Martin County then brought this action against Cone Drive, David Brown UK, and Clyde Blowers and a fourth company, Unigear David Brown Systems [Canada], Inc. Martin County asserts these four companies are all related and that David Brown Kentucky was simply their “alter ego.” (DE 1, Complaint, ¶ 24.) The defendants then removed the action to this Court asserting that this Court has subject-matter jurisdiction over the action pursuant to federal diversity jurisdiction. 28 U.S.C. § 1332(a)(3). The defendants now move to dismiss the action against them, arguing that this Court does not have personal jurisdiction over them and that the plaintiffs have failed to state a claim.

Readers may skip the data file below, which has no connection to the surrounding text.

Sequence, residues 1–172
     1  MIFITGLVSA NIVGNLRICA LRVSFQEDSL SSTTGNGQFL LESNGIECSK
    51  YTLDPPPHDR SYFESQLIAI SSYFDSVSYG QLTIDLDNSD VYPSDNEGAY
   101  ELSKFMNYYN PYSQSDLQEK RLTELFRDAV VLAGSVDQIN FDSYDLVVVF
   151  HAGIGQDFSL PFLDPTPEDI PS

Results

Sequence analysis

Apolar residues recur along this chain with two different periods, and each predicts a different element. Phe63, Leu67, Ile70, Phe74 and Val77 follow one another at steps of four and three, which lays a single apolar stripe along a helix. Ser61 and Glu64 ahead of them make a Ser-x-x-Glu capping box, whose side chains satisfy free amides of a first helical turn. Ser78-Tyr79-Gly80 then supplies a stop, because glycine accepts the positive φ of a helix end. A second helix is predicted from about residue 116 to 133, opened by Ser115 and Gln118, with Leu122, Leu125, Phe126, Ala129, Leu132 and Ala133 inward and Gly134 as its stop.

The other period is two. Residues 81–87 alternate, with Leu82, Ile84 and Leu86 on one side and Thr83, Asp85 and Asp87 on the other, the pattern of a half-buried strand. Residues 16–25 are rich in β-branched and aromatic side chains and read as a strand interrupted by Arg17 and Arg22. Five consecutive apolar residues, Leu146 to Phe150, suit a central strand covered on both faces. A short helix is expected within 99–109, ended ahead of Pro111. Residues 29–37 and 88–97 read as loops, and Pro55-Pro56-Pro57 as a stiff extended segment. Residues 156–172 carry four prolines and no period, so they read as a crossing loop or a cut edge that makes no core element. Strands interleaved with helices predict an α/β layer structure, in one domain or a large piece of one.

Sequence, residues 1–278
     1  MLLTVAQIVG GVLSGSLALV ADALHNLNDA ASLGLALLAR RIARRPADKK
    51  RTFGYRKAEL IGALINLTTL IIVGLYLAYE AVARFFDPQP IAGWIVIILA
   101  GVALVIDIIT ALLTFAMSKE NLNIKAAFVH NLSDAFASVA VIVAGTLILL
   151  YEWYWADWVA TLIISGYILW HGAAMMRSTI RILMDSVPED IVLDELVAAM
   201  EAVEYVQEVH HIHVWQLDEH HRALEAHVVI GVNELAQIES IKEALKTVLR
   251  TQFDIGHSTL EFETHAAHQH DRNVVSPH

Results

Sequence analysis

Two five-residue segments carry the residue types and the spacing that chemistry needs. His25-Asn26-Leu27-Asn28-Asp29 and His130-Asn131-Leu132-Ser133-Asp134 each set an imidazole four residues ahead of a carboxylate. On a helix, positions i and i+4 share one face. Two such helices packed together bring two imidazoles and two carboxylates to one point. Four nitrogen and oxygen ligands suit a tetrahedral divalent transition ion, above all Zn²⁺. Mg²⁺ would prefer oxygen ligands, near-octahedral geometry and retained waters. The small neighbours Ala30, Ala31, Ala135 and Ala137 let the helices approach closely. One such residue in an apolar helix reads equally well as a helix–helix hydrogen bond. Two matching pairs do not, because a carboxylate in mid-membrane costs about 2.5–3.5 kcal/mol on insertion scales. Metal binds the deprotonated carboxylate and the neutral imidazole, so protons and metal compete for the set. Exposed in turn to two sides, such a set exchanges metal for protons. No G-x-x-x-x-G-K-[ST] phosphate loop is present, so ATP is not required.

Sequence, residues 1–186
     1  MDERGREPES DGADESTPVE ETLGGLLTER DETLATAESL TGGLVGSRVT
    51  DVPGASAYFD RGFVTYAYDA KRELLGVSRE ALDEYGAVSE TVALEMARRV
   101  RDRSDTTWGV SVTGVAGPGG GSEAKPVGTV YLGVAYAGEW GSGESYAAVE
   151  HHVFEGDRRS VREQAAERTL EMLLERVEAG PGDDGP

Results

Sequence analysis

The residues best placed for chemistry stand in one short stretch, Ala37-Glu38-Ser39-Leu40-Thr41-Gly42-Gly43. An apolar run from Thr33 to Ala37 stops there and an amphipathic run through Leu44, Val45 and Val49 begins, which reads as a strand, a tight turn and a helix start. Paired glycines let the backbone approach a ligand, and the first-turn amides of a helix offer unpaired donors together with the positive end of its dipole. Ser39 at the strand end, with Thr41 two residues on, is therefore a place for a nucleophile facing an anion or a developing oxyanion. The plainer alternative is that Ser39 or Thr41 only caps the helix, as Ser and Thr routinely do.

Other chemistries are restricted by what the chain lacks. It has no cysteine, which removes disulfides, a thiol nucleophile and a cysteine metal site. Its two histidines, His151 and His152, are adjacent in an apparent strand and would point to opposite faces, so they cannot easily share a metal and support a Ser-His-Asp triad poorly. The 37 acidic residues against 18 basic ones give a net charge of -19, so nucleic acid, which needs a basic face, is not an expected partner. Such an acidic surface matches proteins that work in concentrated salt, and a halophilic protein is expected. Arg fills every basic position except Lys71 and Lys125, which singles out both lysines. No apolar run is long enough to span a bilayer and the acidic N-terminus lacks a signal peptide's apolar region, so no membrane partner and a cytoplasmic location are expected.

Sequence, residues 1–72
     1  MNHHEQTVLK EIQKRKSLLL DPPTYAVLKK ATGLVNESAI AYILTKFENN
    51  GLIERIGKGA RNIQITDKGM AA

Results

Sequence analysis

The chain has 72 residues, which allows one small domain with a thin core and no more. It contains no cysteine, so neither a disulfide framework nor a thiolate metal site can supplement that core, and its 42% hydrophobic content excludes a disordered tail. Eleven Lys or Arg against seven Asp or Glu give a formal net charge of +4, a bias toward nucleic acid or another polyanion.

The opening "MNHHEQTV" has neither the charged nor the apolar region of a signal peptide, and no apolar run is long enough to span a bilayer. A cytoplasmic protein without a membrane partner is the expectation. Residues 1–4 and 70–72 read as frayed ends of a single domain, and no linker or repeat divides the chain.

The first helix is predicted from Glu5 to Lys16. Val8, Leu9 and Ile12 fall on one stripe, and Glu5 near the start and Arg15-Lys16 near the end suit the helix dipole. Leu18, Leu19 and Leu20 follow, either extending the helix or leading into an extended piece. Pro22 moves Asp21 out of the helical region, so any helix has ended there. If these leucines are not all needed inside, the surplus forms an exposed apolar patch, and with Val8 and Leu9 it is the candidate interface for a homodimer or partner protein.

As it must, the Court will first address the issue of personal jurisdiction. None of the defendants is a resident of Kentucky. In determining whether personal jurisdiction exists over these defendants in this diversity case, this Court “must apply the law of the state in which it sits, subject to constitutional limitations.” Reynolds v. Int'l Amateur Athletic Fed'n, 23 F.3d 1110, 1115 (6th Cir.1994). This means that “[t]he defendant must be amenable to suit under the forum state's long-arm statute and the due process requirements of the Constitution must be met.” CompuServe, Inc. v. Patterson, 89 F.3d 1257, 1262 (6th Cir. 1996) (citation omitted).